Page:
A “fringe population” has regularly destroyed medical equipment and attacked workers, Health Minister Dr. Oly Ilunga Kalenga told reporters on Wednesday.

The Ebola virus is spread via bodily fluids of those infected, including the dead.

The outbreak “remains serious and unpredictable,” the World Health Organization said in an assessment released Wednesday. Nine health zones have reported new cases in the last week, and some have been unrelated to known victims, meaning that gaps in tracking remain in a region with a dense, highly mobile population.

Thousands of people have been organized by Red Cross societies and others to go house-to-house dispelling rumors and checking on possible contacts of victims.

Dr. Fatoumata Nafo-Traore, Africa regional director for the International Federation of Red Cross and Red Crescent Societies, joined one awareness campaign in the outbreak’s epicenter, Beni, this week.

The head of one family thanked her for the face-to-face contact, saying he didn’t even have a radio and didn’t understand what was happening. “Ignorance is the enemy,” another resident said.

Given the years of conflict in eastern Congo, it’s essential that households trust why the health workers are there, Nafo-Traore told the AP.

While she called the insecurity “very worrying,” she said that with new tools at hand, including vaccines, “there is great hope.”
Filed under africa ,  ebola ,  vaccines ,  viruses ,  world health organization
Save As Many As You Can

Offline RE

  • Administrator
  • Chief Cook & Bottlewasher
  • *****
  • Posts: 38024
    • View Profile
😷 Marcia is mad anti-vaxxers are using 'Brady Bunch' measles show
« Reply #36 on: April 29, 2019, 12:10:10 PM »
Marcia, Martia, Martia...

RE

https://www.usatoday.com/story/life/allthemoms/2019/04/28/brady-bunch-marcia-mad-anti-vaxxers-using-measles-episode/3611392002/

Marcia is mad anti-vaxxers are using 'Brady Bunch' measles show: 'My daughter was vaccinated'

Sonja Haller, USA TODAY Published 8:05 p.m. ET April 28, 2019 | Updated 8:07 p.m. ET April 28, 2019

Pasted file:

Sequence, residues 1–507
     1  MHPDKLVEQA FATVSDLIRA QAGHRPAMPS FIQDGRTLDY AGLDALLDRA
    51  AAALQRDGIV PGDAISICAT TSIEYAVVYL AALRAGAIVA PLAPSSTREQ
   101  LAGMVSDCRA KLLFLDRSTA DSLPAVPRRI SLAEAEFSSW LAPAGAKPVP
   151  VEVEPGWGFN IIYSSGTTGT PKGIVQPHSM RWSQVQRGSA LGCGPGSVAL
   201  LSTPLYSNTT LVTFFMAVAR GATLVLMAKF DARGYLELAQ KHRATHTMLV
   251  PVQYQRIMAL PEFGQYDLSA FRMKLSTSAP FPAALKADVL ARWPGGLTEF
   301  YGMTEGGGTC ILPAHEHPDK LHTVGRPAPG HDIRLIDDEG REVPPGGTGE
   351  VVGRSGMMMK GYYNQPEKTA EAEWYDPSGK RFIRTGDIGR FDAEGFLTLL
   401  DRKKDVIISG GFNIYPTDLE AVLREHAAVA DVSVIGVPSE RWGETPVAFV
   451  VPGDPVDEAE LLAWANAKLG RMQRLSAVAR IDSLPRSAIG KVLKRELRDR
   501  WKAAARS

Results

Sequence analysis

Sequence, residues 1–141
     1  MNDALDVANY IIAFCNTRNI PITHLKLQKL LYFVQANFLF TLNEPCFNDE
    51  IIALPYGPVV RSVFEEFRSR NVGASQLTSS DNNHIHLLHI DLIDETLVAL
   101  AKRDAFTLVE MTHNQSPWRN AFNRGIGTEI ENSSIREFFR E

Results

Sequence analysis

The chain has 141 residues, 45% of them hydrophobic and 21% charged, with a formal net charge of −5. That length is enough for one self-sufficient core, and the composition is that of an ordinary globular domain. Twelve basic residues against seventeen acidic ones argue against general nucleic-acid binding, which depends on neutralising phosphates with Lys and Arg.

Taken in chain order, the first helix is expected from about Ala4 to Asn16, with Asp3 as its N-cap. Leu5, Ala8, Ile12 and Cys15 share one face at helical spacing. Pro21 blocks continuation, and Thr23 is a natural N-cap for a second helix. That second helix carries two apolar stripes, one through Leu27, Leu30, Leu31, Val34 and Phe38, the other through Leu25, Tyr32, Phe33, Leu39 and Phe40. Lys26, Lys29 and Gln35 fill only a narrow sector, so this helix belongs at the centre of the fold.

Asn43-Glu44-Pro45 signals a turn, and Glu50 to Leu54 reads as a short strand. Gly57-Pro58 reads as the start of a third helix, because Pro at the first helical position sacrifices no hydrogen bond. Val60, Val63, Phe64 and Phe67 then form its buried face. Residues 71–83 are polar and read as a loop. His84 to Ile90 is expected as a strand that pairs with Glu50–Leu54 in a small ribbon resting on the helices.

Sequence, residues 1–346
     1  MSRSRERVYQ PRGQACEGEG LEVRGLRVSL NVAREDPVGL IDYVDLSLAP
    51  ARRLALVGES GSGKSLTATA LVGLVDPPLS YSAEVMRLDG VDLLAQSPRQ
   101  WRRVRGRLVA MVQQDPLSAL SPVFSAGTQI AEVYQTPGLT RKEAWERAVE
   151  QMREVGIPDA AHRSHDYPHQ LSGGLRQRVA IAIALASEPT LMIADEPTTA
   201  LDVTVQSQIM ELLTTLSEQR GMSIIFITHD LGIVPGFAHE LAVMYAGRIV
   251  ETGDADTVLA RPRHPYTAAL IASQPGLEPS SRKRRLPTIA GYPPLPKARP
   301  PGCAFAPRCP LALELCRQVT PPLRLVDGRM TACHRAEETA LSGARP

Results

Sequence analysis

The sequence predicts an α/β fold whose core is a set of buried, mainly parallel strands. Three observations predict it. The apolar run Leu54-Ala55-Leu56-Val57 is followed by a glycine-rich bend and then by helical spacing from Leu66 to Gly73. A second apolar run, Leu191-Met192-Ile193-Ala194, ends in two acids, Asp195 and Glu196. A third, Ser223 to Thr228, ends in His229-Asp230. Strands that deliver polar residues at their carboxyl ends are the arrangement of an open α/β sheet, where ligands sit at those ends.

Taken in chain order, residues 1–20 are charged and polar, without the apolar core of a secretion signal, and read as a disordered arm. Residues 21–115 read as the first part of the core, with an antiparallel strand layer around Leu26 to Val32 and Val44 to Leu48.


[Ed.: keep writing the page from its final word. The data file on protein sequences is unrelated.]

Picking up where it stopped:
Maureen McCormick (bottom right), who played Marcia on "The Brady Bunch," is furious her image was used to promote an anti-vaxxer massage.


Maureen McCormick (bottom right), who played Marcia on "The Brady Bunch," is furious her image was used to promote an anti-vaxxer massage. (Photo: Capital Cities/ABC)

Marcia, Marcia, Marcia is wayyyy miffed at anti-vaxxers.

Maureen McCormick, who played the eldest fair-haired daughter on "The Brady Bunch," discovered that a Facebook anti-vaccination group has been using her image from the 1969 episode "Is There a Doctor in the House?" In it, the Brady kids catch measles.

The group was using the image and referencing the episode in which Marcia says, "If you have to get sick, sure can't beat the measles."

The episode is used as "evidence" that measles really are no big deal, against a backdrop that measles are now at their highest rates in the 21st century.
Maureen McCormick was furious to learn that her image was used on Facebook by anti-vaxxers to show that contracting measles is no big deal.

Maureen McCormick was furious to learn that her image was used on Facebook by anti-vaxxers to show that contracting measles is no big deal. (Photo: Getty Images)

More: Anti-vaxxers open door for measles, mumps, other old-time diseases back from near extinction

All six children eventually come down with the measles, which TV mom Carol Brady, played by Florence Henderson, describes as "a slight temperature, a lot of dots and a great big smile."
McCormick: Measles aren't like 'Brady Bunch'

McCormick told NPR when she learned she was a Facebook meme a few months ago, she was furious.
Story from Starbucks Premium Select Collection
Discover a perfectly balanced blend of coffee from Costa Rica

    "I was really concerned with that and wanted to get to the bottom of that, because I was never contacted," she said. "I think it's really wrong when people use people's images today to promote whatever they want to promote and the person's image they're using they haven't asked or they have no idea where they stand on the issue."

She's upset with becoming a literal social-media poster child for the anti-vax movement because she believes in vaccinations.

"As a mother, my daughter was vaccinated," she said.

McCormick added that she got measles as a child and it wasn't like the "The Brady Bunch" episode where the older kids were sitting on one of the sick kids' beds playing Monopoly.

"Having the measles was not a fun thing," she said. "I remember it spread through my family."
A doctor still cites the 50-year-old show today

The episode is still being referenced today by people like Toni Bark, a doctor who testifies against vaccination in courts and public hearings, NPR reported. 

    "You stayed home like the 'Brady Bunch' show. You stayed home," Bark said. "You didn't go to the doctor. We never said, 'Oh, my God, your kid could die. Oh, my God, this is a deadly disease.' It's become that."

Physician and activist Toni Bark speaks at a rally held in opposition to a proposed bill that would remove parents' ability to claim a philosophical exemption to opt their school-age children out of the combined measles, mumps and rubella vaccine, on Feb. 8, at the Capitol in Olympia, Wash.